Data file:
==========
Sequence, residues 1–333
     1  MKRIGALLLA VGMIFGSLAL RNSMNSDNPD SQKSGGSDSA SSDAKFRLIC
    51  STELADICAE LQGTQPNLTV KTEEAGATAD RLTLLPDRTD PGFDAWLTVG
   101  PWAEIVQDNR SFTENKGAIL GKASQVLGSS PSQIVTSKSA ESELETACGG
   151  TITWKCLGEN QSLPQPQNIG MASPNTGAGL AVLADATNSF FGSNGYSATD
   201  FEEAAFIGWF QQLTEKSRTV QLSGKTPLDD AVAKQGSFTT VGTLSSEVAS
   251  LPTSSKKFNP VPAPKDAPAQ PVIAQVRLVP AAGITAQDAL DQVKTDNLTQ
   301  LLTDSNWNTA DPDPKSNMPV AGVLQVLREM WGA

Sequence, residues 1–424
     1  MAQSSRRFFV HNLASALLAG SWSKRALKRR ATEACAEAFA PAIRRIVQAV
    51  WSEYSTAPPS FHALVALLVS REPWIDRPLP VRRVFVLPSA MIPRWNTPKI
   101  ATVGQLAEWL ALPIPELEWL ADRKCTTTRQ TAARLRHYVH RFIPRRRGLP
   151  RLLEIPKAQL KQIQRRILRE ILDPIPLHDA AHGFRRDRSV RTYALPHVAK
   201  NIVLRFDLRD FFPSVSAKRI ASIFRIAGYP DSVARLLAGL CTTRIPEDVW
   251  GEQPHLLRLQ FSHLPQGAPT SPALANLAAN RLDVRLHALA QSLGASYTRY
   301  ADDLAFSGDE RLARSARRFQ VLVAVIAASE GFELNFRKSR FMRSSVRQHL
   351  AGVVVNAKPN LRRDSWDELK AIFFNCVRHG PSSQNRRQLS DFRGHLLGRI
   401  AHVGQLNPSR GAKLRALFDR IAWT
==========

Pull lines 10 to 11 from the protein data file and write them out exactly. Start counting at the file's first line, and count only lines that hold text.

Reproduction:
     1  MAQSSRRFFV HNLASALLAG SWSKRALKRR ATEACAEAFA PAIRRIVQAV
    51  WSEYSTAPPS FHALVALLVS REPWIDRPLP VRRVFVLPSA MIPRWNTPKI